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The Franklin Institute opened Wednesday as the first major museum in Philadelphia to reopen since the coronavirus pandemic forced the city to shut down in March.
In addition to its hands-on science attractions, the museum is premiering a new traveling exhibition of Madame Tussauds wax figures, featuring all 45 American presidents as well as major Black historic figures.
In one experience, the Franklin Institute is tying together some of the biggest narratives of 2020: the fight for racial justice and the November election.
The science museum on the Benjamin Franklin Parkway is operating at 20% visitor capacity — state guidelines allow for up to 50%. Some attractions are closed entirely, including the IMAX theater and Sports Zone. Other elements, like the exhibits on the brain, heart, and planets, are open with crowd restrictions.
Like most venues starting to reopen, face masks are mandatory, tickets must be purchased in advance, and everyone’s temperature is screened at the entrance. During the 116 days the Franklin Institute was closed, all the toilets were converted so they have touchless flushing mechanisms, and the janitors are using infrared light cleaning systems.
President and CEO Larry Dubinski said the Franklin’s safety precautions go beyond official recommendations.
“We really dug deep, not just with the CDC and the state and the city, but to our contacts national and internationally with theme parks and businesses to decide how we were going to do it,” Dubinski said. “Safety is our priority, for visitors and staff.”
The Franklin has significantly less staff now than it did in March, having laid off all of its part-time and many of its full-time employees during the shutdown.
Among the very first visitors to the Franklin Institute when it opened its doors on Wednesday was Brian Cattell and his two children, Caleb and Grace. The Cattell family are frequent visitors to the Franklin, and Brian wanted to surprise his kids with a visit on its first day reopened.
“Frankly, we’ve been stuck inside for three months, so it’s nice to get outside and do something,” he said.
The Cattells first came to the hall of presidents, from George Washington to Donald Trump, arranged chronologically. Upon entering the room, a lanky Thomas Jefferson is lunging forward to shake your hand, next to him is his successor James Madison, who was notably short.
The Madame Tussauds company’s reputation for lifelike accuracy can be creepy.
“I felt scared because they’re all staring at me,” Grace Cattell said.
This lineup of presidents is normally the main attraction of the Madame Tussauds museum in Washington D.C. due to that city’s political draw (there are 24 Madame Tussauds around the world). This is the first time the figures have left D.C. for another city. The Madame Tussauds company is using the Philadelphia show as an experiment to see if the figures can be made into a touring museum package.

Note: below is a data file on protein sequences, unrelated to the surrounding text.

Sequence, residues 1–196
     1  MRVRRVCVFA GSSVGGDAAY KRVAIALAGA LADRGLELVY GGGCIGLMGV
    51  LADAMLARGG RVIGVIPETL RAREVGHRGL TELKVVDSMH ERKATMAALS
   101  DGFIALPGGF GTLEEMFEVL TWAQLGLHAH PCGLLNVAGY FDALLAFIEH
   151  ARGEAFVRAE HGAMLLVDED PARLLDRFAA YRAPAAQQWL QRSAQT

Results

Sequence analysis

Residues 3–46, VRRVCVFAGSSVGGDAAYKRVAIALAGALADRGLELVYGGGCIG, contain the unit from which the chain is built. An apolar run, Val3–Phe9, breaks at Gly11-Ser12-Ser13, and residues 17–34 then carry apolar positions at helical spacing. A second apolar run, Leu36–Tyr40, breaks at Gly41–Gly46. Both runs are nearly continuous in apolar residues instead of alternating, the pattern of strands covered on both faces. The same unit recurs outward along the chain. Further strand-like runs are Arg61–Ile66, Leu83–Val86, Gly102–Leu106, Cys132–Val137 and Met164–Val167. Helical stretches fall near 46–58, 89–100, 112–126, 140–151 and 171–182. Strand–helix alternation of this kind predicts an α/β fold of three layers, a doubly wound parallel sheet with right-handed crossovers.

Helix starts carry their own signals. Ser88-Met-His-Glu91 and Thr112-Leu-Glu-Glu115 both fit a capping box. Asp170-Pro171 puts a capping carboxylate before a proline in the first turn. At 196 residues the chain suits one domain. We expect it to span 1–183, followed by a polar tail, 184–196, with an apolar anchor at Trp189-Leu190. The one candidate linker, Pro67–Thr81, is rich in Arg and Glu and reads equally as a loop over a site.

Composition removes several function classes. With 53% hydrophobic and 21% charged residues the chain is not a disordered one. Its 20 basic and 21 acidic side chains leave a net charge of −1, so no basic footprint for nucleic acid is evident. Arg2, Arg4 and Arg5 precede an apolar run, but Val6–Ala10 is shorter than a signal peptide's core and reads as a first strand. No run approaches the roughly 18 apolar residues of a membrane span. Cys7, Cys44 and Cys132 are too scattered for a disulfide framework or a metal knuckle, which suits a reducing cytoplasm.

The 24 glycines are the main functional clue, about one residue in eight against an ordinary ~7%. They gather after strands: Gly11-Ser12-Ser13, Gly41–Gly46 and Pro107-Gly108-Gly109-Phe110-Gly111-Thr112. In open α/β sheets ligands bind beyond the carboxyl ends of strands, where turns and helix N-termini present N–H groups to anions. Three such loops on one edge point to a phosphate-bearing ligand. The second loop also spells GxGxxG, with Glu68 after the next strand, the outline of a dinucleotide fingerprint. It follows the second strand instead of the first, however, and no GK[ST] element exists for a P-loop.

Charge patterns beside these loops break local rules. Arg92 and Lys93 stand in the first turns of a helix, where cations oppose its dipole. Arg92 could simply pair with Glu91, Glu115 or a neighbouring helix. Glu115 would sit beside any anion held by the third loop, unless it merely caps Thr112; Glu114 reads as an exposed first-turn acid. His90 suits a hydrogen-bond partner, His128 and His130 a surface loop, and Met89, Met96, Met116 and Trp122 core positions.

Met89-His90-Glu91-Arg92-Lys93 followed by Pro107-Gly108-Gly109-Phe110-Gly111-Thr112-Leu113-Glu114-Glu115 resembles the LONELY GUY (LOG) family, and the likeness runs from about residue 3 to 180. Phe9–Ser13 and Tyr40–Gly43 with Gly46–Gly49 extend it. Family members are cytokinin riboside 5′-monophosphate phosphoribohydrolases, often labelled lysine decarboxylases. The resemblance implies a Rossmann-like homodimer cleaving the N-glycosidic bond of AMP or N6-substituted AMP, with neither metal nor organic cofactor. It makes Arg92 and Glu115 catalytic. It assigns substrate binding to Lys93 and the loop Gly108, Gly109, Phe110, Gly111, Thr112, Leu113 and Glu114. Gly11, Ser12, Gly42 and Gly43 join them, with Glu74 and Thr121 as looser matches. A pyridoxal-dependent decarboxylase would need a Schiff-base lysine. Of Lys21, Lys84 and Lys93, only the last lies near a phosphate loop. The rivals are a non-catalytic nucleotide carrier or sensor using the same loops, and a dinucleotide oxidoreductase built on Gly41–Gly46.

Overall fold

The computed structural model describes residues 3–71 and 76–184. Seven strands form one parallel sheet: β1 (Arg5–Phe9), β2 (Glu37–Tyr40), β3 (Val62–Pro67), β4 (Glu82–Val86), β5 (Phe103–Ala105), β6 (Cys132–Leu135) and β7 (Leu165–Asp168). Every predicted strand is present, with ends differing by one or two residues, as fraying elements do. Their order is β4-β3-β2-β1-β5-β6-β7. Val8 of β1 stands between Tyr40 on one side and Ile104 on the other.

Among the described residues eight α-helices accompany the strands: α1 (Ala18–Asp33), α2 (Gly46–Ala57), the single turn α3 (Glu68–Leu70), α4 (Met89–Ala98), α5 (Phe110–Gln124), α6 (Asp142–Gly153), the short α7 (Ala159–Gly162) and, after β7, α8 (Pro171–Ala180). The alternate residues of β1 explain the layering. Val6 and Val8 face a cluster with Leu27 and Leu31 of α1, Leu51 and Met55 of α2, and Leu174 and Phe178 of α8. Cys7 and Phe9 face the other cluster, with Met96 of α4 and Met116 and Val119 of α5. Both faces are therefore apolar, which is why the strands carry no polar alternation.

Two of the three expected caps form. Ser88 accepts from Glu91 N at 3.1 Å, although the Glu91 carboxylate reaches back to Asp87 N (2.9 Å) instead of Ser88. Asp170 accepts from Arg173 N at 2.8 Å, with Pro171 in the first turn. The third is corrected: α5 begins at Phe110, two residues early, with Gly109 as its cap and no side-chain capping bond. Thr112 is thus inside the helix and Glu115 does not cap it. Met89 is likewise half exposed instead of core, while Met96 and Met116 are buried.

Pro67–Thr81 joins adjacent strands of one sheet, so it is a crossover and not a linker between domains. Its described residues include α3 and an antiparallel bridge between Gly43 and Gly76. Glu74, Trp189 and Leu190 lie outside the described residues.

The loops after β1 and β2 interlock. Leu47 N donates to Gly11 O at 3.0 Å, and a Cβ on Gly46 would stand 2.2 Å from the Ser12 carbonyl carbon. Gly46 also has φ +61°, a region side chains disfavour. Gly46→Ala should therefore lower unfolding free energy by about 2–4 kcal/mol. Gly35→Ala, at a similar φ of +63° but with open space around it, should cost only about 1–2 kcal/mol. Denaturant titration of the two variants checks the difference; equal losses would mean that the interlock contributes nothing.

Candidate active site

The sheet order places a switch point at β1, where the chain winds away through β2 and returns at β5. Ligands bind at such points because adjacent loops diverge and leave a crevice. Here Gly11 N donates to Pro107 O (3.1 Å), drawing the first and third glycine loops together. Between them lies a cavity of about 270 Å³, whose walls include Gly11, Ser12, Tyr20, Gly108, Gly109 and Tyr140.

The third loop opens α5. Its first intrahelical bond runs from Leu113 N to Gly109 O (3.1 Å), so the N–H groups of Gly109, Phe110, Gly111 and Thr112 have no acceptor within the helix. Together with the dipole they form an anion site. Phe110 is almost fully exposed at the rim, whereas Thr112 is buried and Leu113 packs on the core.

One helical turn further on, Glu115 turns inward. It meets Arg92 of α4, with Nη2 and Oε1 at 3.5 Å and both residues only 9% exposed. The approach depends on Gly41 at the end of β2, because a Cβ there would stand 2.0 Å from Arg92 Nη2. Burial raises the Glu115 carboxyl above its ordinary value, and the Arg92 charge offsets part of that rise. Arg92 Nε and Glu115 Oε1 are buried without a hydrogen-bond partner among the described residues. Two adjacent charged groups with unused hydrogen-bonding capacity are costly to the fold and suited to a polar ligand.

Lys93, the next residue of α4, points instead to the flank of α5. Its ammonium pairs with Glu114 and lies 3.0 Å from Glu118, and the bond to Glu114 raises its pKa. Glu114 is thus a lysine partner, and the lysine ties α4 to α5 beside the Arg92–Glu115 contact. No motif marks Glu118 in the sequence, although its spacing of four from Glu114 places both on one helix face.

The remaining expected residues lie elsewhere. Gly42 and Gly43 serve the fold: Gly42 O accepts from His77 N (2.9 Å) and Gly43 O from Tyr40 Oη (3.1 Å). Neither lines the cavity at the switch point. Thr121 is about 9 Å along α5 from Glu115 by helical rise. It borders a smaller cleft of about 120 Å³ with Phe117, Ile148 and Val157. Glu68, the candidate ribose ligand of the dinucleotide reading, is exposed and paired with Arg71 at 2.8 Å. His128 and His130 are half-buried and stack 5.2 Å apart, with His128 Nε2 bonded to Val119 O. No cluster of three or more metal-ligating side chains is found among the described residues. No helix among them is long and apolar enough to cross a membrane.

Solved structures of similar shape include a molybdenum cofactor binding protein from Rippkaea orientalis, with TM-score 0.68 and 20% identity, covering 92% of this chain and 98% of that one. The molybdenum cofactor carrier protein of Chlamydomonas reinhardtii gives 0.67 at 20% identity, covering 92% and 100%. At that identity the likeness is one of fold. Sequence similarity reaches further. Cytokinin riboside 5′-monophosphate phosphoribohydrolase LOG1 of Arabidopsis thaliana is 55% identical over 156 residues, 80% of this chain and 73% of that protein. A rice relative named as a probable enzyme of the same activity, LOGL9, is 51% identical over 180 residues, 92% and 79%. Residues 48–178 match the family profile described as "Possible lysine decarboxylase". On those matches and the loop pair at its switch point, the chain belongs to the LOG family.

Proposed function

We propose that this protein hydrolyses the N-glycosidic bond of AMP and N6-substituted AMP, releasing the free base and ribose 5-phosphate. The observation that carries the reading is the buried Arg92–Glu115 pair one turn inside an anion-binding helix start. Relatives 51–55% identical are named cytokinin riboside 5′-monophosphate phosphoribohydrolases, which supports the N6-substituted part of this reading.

“I’d like to see how people take to it outside of D.C., what presidents they are attracted to and what information they are interested in learning,” said Therese Alvich, the general manager of the Madame Tussauds in Washington.
Dubinksi of the Franklin wanted to have the presidential figures in the institute this year in order to impress upon visitors their role in shaping public policy through voting.
“In an election year, to have a discussion about presidents is so important,” he said.
The Franklin Institute put its own spin on the presidents by adding science facts to the wall text of each figure: Benjamin Harrison had electricity installed in the White House, Herbert Hoover’s First Lady, Lou Henry Hoover, was the first female geologist to graduate from Stanford University, Harry Truman’s inauguration was the first to be televised.
The 45 presidents are interspersed with several notable Black historical figures, including Frederick Douglass, Harriet Tubman, Rosa Parks, Malcolm X, and Martin Luther King, Jr. They’re presented on equal footing as the presidents.
“Harriet Tubman, who I thought was this towering figure, and she’s this tiny woman! What she had done — it’s kind of amazing,” marveled Cheryl Beirne, pushing her 86-year-old mother-in-law in a wheelchair.
Including Black historical icons had always been part of the plan for the Philadelphia exhibition, even before the national outcry over the killing of George Floyd that have sparked protests across the world since late May.
“The civil rights figures were always going to be part of it,” Dubinksi said. “You look at the historical 45 presidents – it is not a diverse group of individuals. We wanted to make sure people knew there are so many historic figures not defined by gender or race, but defined by what they did.”
The only First Lady presented in the show is Michelle Obama, shown standing next to her husband. A figure of Donald Trump is nearby, holding onto his belt and looking sideways: if you follow his gaze, he is looking at the Obamas.
Charlotte Hall brought her three young children to the Franklin to see the presidents.
“My daughter just graduated from kindergarten, and she just learned about presidents. Her favorite was Lincoln,” she said.
Hall stopped at every figure – there are 57 in total – to give her kids a chance to get a close look. Using the wall text as a cheat-sheet, she told them something about each person.
“I feel it’s important for everyone to know that they come from somewhere. Specifically I wanted to highlight the melanated people they saw today,” she said. “I wanted them to understand that the color of your skin doesn’t matter. You have just as much a right to be here as anyone else.”
“The Presidents By Madame Tussauds” will be on view until January 2021.